Fishing the Lower Deschutes Early May 2017

Wow what a winter we had in Central Oregon! At one point 28 inches of snow on the ground for multiple weeks. Turns out we didn’t have deer prints in the snow but belly prints  from the dear drudging through the snow.

Spring is late to come and waters are high – but this last week I have been able to get out multiple days on multiple pieces of water . It was been splendid to be on the water.  Water has been high on the Lower D, one day 6200 CFS but dropping,  yesterday it was 5300 CFS. Both days we have good fish action -No big Deschutes Redsides – but some nice fish in the 12 to 14 inch. Amazingly nothing on the big stone fly patterns. For me everything was on a green rockworm pattern and Dave a Cadis Pupa.

Enjoy my photo essay!

First time on the oars in 2017

Dave’s Rainbow – Euro Nymphing

For our  two days on the water, Dave’s  most productive fly – a La Fontaine Pupa Caddis

Love my Winston  Super 10  so sensitive to the subtle takes. 

My most productive fly – a Green Rock Worm. Yes that is my tie! 

Checking out the loops on my 8 foot 6wt rod. Loved how it cast the big dry stone flies. However  the fish weren’t interested. 

It’s been a while since I swung flies with my 10’5″ 300 grain micro spey. So fun – a few grabs but I was snoozing. 

 

 

 

First fish on my Bamboo Rod – Yeah Rah!

Dave and I headed out to the Fall River today. As you can see from the pictures – we have had just a tad bit of snow. Since I finished the rod in mid- January today was the first day we were able to get on the water. And at approximately 11:30, Friday, February 10th – I hooked and land my first fish a 12 inch rainbow on my personal crafted bamboo rod! It was a joy to build this rod and a hoot to get that first fish. Dave offers Bamboo Rod Building classes – you won’t be disappointed in building your own and then fishing it.

The hike to my favorite spot on the fall river!

The hook-up

In the net – whew!  This was a fish I didn’t want to lose!

Had to have a classic grip and grin shot of my first fish – and it was a rainbow!

Pure Beauty

Thanks Dave for all you guidance in building my rod – nothing like having my own built bamboo fly rod.

 

Building A Bamboo Fly Rod – Day 7

Wow – my bamboo rod is finished.  Last time I posted I had just completed getting my bamboo rod to a “blank” state. What remained was the finishing and wrapping.

For the finishing  I used rub-on coats of Tru Oil, often used to finish gunstocks.  Each application took 10 to 15 minutes. It pays to do multiple coats and have a good 4 hours of dry time between coats. For me this was completed in a period of 4 days.

 

OLYMPUS DIGITAL CAMERABefore applying the finish – one more sanding of the blank.

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Before applying the finishing, I did make sure to get my signature and rod size onto the rod blank.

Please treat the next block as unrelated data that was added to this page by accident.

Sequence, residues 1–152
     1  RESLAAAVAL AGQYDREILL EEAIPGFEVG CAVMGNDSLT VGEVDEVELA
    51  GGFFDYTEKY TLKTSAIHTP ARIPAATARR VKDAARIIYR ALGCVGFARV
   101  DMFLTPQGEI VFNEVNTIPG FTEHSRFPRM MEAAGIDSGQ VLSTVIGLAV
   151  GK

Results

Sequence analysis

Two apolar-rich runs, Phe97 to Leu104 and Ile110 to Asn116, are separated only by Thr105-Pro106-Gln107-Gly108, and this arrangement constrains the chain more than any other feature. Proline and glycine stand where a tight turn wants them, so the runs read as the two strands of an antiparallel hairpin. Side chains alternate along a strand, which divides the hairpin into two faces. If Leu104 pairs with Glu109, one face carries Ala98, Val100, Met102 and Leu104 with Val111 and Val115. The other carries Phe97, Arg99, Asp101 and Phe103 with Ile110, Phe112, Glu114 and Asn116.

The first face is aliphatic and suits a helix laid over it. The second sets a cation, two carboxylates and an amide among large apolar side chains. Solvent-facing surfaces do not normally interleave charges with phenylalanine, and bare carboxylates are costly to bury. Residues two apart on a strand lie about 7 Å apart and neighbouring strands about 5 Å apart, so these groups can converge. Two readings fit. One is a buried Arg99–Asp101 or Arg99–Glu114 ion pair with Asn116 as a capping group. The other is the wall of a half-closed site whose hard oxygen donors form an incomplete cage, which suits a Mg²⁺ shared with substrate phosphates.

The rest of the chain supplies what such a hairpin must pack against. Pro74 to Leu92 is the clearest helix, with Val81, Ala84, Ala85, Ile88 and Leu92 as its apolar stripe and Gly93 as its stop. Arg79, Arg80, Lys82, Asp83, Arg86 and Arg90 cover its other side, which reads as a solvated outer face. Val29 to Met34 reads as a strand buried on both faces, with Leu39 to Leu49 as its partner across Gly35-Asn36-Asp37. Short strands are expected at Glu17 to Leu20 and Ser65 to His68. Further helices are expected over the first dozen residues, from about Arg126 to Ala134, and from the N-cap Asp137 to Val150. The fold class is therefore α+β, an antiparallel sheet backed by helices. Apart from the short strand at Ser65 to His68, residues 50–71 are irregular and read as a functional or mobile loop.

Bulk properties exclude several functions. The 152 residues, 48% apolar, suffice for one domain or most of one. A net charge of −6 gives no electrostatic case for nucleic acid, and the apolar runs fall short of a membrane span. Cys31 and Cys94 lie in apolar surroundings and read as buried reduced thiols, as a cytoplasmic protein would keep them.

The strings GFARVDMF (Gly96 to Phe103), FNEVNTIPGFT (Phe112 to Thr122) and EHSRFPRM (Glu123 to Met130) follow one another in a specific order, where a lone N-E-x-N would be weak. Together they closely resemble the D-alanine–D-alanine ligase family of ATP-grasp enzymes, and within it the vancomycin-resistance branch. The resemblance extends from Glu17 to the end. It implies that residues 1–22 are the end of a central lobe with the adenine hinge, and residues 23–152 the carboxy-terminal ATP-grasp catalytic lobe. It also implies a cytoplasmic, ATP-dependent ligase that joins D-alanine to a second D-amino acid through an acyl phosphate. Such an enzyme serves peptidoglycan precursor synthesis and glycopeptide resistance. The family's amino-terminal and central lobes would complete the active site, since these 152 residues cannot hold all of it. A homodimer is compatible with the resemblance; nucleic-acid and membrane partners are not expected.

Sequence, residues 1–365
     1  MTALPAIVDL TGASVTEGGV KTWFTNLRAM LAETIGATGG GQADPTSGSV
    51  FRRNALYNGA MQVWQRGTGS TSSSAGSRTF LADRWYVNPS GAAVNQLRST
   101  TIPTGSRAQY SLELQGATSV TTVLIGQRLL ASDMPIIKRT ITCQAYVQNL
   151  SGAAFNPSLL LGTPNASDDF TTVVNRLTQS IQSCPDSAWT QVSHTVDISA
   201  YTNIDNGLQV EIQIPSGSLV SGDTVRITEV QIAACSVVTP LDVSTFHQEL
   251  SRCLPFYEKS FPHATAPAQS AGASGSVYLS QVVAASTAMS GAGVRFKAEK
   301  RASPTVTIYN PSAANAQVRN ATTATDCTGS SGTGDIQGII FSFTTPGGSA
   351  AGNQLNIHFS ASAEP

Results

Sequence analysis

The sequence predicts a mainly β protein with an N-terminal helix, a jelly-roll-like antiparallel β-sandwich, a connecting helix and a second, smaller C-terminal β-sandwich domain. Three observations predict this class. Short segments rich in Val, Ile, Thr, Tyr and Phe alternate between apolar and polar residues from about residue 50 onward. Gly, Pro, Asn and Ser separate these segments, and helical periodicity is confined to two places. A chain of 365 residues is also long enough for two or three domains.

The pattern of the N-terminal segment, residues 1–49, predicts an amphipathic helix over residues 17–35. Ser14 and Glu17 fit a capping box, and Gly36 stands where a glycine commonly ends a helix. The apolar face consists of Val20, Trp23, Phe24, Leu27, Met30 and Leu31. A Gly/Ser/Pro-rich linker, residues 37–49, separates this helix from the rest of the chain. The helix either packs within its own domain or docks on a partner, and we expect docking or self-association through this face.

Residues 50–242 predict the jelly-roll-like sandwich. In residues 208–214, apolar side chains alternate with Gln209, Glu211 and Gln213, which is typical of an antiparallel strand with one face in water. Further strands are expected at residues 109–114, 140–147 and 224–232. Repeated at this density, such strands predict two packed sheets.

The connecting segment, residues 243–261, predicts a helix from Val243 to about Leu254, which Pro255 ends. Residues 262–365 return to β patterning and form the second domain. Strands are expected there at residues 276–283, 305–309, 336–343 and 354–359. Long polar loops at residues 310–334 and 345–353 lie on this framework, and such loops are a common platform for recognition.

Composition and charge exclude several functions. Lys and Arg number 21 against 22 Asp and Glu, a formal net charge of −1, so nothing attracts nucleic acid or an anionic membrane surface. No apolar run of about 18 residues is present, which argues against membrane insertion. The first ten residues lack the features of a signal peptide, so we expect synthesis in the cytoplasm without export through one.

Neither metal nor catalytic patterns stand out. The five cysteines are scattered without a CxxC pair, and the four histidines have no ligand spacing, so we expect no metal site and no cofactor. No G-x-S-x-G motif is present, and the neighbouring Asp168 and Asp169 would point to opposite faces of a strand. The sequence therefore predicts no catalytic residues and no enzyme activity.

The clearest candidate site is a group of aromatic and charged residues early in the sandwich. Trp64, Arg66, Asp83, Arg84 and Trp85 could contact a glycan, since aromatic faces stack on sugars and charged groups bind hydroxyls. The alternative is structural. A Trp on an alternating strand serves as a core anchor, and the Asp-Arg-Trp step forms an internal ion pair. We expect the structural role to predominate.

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An application of the finish.

 

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A  polish on the rod – before wrapping.

With the finish as sharp as I could get it – it was now time to wrap. Rather than just do a one color wrap, I opted to do a two-color tipping. The main wrap is functional as it holds the guide in place – but the two smaller wraps really are accent colors. This was my second wrapping of a rod and I had never done the two tippings. Although tedious and many re-wraps I did get the wrapping done. I am very happy I took the extra time for the two color tipping. Each 5th wrap I would then stack the thread – to get a very clean look on the wraps. When a wrap was complete I applied one coat of varnish – to ensure it didn’t unravel. When all the wraps were complete I applied 10 coats of varnish – with two “sanding of the wraps” – again to get the cleanest look I could.  Needless to say the wrapping did a good bit of time, about 20 hours. The varnish again, was a quick 10 to 15 minute task, but like the finishing, the dry time between applications meant it took multiple days.

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Wrapping the final tipping to the agate stripping guide.

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Packing the wraps

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Applying the first coat of varnish.

 

I have to say – there was a time and duration investment in applying the finish, wrapping, and varnishing the wrap – but it paid off in a extremely clean looking rod. Yes I am proud of myself and would love to jump into building another rod. Thank you for following my rod building project.

 

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A close up of the reel and ferrule

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Voila – my custom crafted bamboo rod.

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Yes a bit of snow of the ground – but that didn’t deter me from casting. Love the action – has the guts to cast big flies in windy conditions.